The uterus is normally sterile but during or after calving, environmental microorganisms can enter and cause infection, especially as the cervix is still open for a few days during involution when it's all shrinking back down.
Metritis is an inflammation of the uterus which occurs directly after calving. Endometritis is a common condition which occurs 21 days or more after calving. The main problem with this is that it will reduce fertility and delay the next conception, increasing the calving interval, decreasing the milk yield and costing the farmer more money.
First we rectalled the cows to feel for the uterine horns, which when inflammed was very obvious in that it was full of pus. We were able to massage the uterus to remove the mucopurulent vaginal discharge.

Then we went per vaginam and treated (or prevented) the infection by placing a broad spectrum antibiotic bolus directly into the uterus or cervix.

Friday, February 24, 2017

Official Opening of the Small Animal Hospital

Today saw the official opening of the UVM / UVLF Kosice Small Animal Hospital.
The building work started back in 2015 and at a cost of nearly €7 million, it has largely been funded by the European Union which has meant it's been a long process to get everything signed off and opened.
It is hoped that animals will travel from Slovakia and neighbouring countries to use the facilities as well as offering a referral service for private vets for patients requiring surgery and hospitalisation.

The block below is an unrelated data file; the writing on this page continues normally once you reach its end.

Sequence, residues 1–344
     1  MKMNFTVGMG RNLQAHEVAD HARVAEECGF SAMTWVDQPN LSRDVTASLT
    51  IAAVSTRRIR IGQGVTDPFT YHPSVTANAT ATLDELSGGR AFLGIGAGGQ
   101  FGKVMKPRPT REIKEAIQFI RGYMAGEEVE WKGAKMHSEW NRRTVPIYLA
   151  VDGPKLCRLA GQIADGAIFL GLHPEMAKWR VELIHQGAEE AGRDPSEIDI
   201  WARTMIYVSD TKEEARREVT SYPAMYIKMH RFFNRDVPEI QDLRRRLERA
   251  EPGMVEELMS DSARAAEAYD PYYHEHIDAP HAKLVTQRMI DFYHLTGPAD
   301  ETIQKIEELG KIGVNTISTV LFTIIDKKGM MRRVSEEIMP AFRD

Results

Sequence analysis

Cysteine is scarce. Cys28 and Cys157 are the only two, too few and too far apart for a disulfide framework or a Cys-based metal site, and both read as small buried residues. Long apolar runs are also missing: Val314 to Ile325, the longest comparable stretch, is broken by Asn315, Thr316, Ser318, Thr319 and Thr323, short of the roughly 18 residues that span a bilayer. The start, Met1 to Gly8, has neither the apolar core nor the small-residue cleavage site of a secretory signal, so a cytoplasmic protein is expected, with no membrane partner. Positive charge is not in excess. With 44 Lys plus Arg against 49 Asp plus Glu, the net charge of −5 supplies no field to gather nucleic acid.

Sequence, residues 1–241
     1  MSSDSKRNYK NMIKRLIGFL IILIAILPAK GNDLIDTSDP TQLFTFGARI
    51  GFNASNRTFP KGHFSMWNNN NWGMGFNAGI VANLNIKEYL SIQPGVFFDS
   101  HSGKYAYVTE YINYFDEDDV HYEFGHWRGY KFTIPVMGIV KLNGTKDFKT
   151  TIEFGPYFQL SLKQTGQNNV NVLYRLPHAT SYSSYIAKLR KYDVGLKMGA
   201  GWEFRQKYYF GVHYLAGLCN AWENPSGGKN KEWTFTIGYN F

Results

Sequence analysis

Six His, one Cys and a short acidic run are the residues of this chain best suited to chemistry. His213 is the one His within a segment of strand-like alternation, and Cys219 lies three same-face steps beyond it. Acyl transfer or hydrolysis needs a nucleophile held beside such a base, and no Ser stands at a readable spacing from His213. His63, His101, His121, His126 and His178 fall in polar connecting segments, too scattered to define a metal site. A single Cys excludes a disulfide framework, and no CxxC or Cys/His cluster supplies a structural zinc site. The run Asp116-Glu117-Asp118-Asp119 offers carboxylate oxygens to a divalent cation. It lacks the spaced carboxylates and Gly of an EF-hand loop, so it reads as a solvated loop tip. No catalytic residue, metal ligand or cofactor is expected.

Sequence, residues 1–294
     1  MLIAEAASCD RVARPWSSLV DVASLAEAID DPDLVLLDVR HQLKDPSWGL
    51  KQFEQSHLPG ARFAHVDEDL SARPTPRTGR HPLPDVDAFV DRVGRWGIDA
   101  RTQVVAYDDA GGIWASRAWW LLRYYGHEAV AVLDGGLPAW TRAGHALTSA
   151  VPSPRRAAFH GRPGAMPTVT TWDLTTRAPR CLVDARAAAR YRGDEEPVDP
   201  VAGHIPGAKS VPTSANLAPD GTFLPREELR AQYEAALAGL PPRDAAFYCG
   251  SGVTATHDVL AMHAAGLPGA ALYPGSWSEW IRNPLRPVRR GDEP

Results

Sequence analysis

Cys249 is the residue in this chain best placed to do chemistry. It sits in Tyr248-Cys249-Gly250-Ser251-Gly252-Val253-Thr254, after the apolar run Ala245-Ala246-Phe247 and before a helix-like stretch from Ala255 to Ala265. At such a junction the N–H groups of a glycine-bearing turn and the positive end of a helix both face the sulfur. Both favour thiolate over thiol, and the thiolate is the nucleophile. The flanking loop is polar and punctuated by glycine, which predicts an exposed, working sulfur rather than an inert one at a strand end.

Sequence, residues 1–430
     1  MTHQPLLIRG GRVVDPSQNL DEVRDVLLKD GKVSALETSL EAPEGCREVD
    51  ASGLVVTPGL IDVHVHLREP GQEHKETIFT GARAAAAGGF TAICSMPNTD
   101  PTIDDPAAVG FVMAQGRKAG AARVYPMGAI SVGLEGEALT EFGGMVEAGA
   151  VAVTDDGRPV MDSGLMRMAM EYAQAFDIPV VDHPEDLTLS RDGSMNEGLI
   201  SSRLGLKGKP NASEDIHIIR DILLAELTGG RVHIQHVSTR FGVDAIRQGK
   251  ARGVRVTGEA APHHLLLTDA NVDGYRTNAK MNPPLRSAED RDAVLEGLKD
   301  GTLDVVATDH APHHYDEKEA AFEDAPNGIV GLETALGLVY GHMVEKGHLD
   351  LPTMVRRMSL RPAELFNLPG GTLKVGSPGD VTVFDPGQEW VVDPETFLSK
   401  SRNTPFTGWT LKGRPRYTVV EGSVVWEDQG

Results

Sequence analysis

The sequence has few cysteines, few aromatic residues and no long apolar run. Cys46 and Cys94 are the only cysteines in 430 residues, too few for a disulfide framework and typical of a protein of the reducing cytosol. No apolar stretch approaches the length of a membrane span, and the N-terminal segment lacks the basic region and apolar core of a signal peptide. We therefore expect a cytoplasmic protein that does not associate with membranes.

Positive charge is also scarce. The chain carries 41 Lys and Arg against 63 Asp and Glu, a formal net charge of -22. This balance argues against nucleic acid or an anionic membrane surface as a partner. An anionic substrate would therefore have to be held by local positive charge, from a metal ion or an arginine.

It includes a 24 hour emergency surgery, orthopedics, ophthalmology, oncology, a dental clinic, physiotherapy, hydrotherapy and a operating rooms. It also has the only incubators for small animals in Slovakia and an area for the preparation of medicines and chemotherapy for cancer patients.
They have several well equipped operating theatres which can be arranged for different procedures and classes as well as having cameras to record surgery or stream them to lecture theatres.
Incubators for small animals
I'm excited to start my small animals staze (rotations) and be able to use all the new equipment in the clinic! There is a compulsory rotation for 5th and 6th year students with final years also covering night shifts.

Thursday, February 23, 2017

Storm Doris

Storm Doris hit the UK yesterday and left her mark on our garden.

We lost 6 fence panels, a whole tree came down and the corrugated plastic roof blew off our walk in chicken run. Lots of the glass panels on the greenhouse were smashed too.
Luckily noone was injured and all the animals are fine. I saw on the news a young woman was killed by fallin debris in Wolverhampton and others around the country were badly injured.

Thursday, January 19, 2017

Veterinary Diagnostic Imaging